ISDS and Climate Change Policies: A barrier, facilitator, or neither

The Society's 114th Annual Meeting—and first Virtual Annual Meeting—took place June 25–26, 2020. The 2020 Annual Meeting theme, "The Promise of International Law," was an opportunity to reflect on the successes and failures of international law, while reaffirming our commitment to achieving its promise of a more just and peaceful world.

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As countries grapple with how best to regulate conduct within their borders to attempt to mitigate climate change and to meet the objectives of international commitments, including the Paris Agreement, policies have taken various forms – from offering “carrots” in the form green energy subsidies, to “sticks” aimed at sanctioning disfavored energy uses or sources. Such regulatory decisions have impacted a broad spectrum of investors, resulting in a spate of recent investment claims. Dozens of investment claims have been brought by renewable energy investors under the Energy Charter Treaty, asserting that states have reneged on favorable terms offered to incentivize the massive private investment in green energy during the global financial crises and in the face of budget shortfalls. Nuclear power has been steadily in decline in Europe for at least the last decade, with Germany expediting its exit from nuclear power following the Fukushima disaster, which prompted an investment claim from Vattenfall asserting the value of its nuclear assets has been stranded. And fossil fuel investors have threatened investment claims, asserting that policies impairing conventional energy production denies them their legitimate expectations of returns on their investments. This panel will address, in the context of policies enacted by states to mitigate the effects of climate change, where the line is between compensable investment claims where investors’ legitimate expectations have been frustrated by climate polices, on the one hand, and non-compensable claims resulting from states’ climate policies? Is the threat of ISDS a barrier to government policies encouraging the shift to green energy? Or do investment treaties and free trade agreements encourage foreign investment into local green economies? And, if there is uncertainty as to where the “right to regulate” in the climate space without triggering compensable investment claims, how does that uncertainty affect new investments in green or conventional energy projects? Italy has withdrawn from the ECT in an apparent response to the number of claims it was defending following its retroactive measures relating to renewable investments, and there are threats of additional withdrawals or modifications to the ECT and other ISDS mechanisms. If states withdraw from, or agree to modify the terms of, investment treaty protections, will that discourage private investment required for renewable energy sources? Alternatively, should modifications to international agreements be embraced and what should they look like to meet states’ challenges in regulating to mitigate climate change? This panel will explore the impact ISDS has on achieving internationally agreed-upon goals and individual states’ policy objectives on climate change.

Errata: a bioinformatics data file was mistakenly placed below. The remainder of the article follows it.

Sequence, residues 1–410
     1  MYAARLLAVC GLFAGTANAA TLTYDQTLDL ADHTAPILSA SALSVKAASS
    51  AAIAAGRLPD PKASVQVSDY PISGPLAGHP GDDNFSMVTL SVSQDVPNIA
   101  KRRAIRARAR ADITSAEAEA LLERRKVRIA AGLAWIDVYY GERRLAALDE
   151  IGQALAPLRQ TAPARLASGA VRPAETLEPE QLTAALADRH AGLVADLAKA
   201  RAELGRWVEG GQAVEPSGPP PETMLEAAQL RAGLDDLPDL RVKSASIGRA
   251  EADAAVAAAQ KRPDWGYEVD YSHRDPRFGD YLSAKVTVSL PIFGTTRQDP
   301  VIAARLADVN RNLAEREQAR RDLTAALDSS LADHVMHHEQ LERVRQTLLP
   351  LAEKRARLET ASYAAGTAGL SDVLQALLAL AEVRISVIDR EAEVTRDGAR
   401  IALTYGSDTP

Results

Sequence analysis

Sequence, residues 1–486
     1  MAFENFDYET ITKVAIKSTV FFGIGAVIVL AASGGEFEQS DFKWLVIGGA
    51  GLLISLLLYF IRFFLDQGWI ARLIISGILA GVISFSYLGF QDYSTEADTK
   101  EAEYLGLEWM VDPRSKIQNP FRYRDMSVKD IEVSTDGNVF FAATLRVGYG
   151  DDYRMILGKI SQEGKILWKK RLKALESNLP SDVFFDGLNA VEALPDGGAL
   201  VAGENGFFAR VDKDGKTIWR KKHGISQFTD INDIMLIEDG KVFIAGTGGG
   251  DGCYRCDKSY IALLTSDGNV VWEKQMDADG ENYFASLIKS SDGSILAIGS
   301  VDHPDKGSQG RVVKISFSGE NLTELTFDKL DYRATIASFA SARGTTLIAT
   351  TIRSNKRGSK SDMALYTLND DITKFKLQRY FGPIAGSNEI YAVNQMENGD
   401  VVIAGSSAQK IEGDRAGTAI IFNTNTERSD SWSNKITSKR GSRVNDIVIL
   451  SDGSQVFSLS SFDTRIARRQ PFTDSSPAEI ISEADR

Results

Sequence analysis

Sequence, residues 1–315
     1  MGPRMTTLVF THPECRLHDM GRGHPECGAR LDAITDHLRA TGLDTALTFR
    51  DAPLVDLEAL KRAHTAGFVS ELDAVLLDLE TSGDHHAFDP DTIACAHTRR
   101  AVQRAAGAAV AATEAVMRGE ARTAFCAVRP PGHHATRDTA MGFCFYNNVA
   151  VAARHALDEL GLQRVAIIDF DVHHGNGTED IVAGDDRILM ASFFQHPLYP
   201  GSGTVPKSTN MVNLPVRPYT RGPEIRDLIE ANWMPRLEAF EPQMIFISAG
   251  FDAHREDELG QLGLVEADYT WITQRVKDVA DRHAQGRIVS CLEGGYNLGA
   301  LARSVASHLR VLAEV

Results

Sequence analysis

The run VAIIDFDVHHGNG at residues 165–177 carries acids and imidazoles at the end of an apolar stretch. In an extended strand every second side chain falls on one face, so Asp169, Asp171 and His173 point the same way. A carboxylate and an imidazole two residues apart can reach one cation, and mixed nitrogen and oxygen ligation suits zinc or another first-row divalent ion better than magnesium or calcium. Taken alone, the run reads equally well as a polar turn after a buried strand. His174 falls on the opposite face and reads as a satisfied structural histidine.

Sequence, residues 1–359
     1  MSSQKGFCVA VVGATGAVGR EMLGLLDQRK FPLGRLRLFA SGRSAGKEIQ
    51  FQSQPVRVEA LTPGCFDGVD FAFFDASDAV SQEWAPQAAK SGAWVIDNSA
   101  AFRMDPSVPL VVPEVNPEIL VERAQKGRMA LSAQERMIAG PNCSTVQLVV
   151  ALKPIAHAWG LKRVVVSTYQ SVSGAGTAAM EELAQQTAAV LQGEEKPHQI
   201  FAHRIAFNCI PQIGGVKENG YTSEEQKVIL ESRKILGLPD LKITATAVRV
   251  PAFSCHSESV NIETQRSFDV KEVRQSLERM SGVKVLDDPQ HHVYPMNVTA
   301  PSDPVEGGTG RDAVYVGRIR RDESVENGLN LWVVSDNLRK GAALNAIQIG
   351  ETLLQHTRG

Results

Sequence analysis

Gabriela Alvarez Avila, Curtis, Mallet-Prevost, Colt & Mosle, S.C.
Kasturi Das, Institute of Management Technology, Ghaziabad, Delhi-NCR, India
Kevin D Mohr, King & Spalding
Danielle Morris, Wilmer Cutler Pickering Hale and Dorr LLP (Moderator)
Carlos Sole, Socio KPMG

(Speaker organizations are shown as of June 2020)